Your new account grows–richer.

            Are we done here

            Knock, Knock.

            Who’s there?

            Who’s there?


            Oh, I get it.
            I’m here.
            I’m worth
            the investment.
            That’s rich.


II. by Laurie Corzett

            “Mommy,” she cried, dead eyes open,
            awash in tears,
            “I didn’t mean to leave you.
            I didn’t know I would be gone so long.”

            My desiccated heart bathes gladly
            in those soothing tears.
            I am brought back to my journey.
            The mirror images have softened.
            Every face, every form, every failure,
            every sin
            I can’t quite grasp why it would matter,
            how these essences
            combine with mine.
            Perhaps I am hallucinating.
            Perhaps none of us
            exist at all.

            Baby girl, I have always loved you.
            Hated you for dying.
            Hated life and death for dividing us.
            Hated, blamed,
            damned to hell,
            all those mirror images,
            all those wraiths and wretched
            wayward souls who pass me by.
            I have loved and lost and
            lonely wandered.
            And wondered why.
            I hold you close as
            I look into the mirror, deeply,
            drink of the magick of lethe.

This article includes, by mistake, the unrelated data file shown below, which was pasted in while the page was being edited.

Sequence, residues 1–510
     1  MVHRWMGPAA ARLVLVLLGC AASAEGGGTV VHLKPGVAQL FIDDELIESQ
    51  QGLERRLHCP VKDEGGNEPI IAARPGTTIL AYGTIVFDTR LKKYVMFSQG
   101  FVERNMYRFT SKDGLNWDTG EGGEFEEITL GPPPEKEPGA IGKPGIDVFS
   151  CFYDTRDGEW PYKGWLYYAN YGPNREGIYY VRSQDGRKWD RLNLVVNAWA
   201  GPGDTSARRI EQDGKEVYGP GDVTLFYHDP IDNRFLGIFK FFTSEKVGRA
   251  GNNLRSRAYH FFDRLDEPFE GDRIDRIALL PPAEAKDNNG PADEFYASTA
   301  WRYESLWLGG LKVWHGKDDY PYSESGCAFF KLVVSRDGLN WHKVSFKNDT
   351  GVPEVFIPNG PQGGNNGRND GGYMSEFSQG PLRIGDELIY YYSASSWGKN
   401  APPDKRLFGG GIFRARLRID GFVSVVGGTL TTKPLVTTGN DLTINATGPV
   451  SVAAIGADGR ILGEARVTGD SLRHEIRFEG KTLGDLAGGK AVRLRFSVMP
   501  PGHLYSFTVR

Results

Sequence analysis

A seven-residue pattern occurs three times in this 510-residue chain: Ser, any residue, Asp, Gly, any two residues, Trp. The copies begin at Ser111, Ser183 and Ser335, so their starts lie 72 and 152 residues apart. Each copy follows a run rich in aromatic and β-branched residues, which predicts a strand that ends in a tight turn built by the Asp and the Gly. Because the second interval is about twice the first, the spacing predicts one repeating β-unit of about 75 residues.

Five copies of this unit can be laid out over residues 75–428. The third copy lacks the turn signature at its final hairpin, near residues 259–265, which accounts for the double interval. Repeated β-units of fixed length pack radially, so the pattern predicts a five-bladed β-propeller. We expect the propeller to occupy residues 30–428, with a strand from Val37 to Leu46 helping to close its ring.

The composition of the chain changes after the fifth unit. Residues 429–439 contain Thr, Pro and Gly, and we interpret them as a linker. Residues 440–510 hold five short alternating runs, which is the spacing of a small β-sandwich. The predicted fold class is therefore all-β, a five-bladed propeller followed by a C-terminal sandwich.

Falling, gently, easily, even leisurely,
            letting go and drinking in,
            all that Hell allows
            now that we create the rules.

            Caught up in my Hecate role,
            I feel the power of my soul.
            Rain and wind and ice and snow
            I feel you all from here below,
            and revel in elemental energy.
            I am the wind, the seas, the fire
            I am all will and all desire.
            It is me you love, and me you hate —
            I am the master of your fate.
            Yet I am hidden from all sight,
            beyond the reach or need of light.
            I have found my peace,
            my place, my voice.
            Take heed, O’ mortal,
            create your choice.
            Create it every day.


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About Dr Bob Rich

I am a professional grandfather. My main motivation is to transform society to create a sustainable world in which my grandchildren and their grandchildren in perpetuity can have a life, and a life worth living. This means reversing environmental idiocy that's now threatening us with extinction, and replacing culture of greed and conflict with one of compassion and cooperation.